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Assessment Methods of Premature Ejaculation

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Assessment Methods of Premature Ejaculation

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Premature ejaculation is a common problem that causes short-lasting sexual activity. The ejaculation occurs with minimal sexual stimulation earlier than normal.

Written by

Dr. Ashok Kumar

Medically reviewed by

Dr. Anuthanyaa. R

Published At October 19, 2013
Reviewed AtMay 24, 2023

What Is Premature Ejaculation?

Rapid or premature ejaculation is characterized as ejaculation occurring without voluntary control and with minimal sexual stimulation.

What Are the Symptoms of Premature Ejaculation?

The main symptom of premature ejaculation is the failure to delay ejaculation for more than one minute after penetration or masturbation.

Premature ejaculation can be classified as:

  • Lifelong or Primary: Lifelong premature ejaculation occurs all of the time, starting from your first sexual encounter.

  • Acquired or Secondary: Acquired premature ejaculation develops after previous sexual experiences without ejaculatory problems.

How to Assess Premature Ejaculation?

Two different dimensions diagnose premature ejaculation:

  • Ejaculatory Latency.

  • Voluntary Control.

According to the ICD-10 (International Statistical Classification of Diseases and Related Health Problems) classification system, ejaculation must occur ' within 15 seconds of the beginning of intercourse,' while DSM-IV is equivocal on duration, stating that ejaculation occurs with minimal sexual stimulation before or shortly after penetration.

ICD-10 does not mention voluntary control, while DSM-IV explains that ejaculation occurs 'before the person wishes.' Both classification systems require the man to be distressed for at least six months. Both require the clinician to judge the independence of this condition from other mental, behavioral, or physiological disorders. The 15 seconds duration may make many men complain that it is absurd.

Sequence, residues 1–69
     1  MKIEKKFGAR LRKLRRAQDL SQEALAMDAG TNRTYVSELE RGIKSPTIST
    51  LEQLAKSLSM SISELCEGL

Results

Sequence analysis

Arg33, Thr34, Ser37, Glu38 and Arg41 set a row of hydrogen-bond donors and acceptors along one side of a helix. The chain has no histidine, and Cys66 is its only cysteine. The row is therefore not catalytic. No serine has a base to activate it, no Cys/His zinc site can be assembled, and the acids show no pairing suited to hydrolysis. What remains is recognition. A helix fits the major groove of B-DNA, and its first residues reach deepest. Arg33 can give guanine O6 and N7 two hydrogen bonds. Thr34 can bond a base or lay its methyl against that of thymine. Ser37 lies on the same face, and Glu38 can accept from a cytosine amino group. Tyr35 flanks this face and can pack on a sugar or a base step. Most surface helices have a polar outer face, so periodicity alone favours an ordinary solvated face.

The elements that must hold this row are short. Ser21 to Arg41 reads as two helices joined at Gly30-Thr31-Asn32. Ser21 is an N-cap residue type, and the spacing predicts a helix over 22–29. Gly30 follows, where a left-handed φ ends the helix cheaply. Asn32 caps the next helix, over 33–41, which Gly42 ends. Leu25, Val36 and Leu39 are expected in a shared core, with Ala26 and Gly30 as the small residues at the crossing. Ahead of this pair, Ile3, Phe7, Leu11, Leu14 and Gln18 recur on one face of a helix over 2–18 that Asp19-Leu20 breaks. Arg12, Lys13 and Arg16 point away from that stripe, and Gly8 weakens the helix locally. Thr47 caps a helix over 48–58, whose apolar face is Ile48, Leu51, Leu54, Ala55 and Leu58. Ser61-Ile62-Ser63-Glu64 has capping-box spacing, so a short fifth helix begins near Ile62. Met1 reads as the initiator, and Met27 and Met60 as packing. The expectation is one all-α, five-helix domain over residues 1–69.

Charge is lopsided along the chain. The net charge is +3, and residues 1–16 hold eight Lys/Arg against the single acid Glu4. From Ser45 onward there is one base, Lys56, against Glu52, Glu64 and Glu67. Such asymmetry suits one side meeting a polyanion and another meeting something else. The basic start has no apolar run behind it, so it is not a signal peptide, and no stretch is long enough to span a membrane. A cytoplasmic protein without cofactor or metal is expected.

It is required to associate distress felt by men regarding this condition. Those who oppose defining rapid ejaculation in quantitative terms argue that the salient parameter should be voluntary control.

The prevailing opinions regarding the cause of rapid ejaculation have typically assumed that the dysfunction was either psychological or learned, depending upon the theorists' assumptions about how the mind operates. Some believe that a lowered ejaculatory latency stems from:

  • Anxiety.

  • General hostility toward women.

  • Interpersonal conflicts with a particular partner.

  • Conditioning patterned on furtive masturbation practices.

  • Early hurried sexual experiences with prostitutes.

  • Hasty lovemaking in the backseat of a car.

Once established, performance anxiety was thought to maintain the rapid ejaculatory pattern.

Anxiety Is Not a Singular Concept:

  • Anxiety may refer to a phobic response such as being fearful of the dark wet unseen vagina.

  • It may also refer to effect, such as conflict resolution, where two contradictory urges are at play; for example, the man is angry at his partner but feels guilty about directly expressing his hostility.

  • Anxiety may refer as well to a preoccupation with sexual failure and poor performance. As the man contemplates another sexual experience, his anxiety leads to an avoidance of any future sexual opportunity.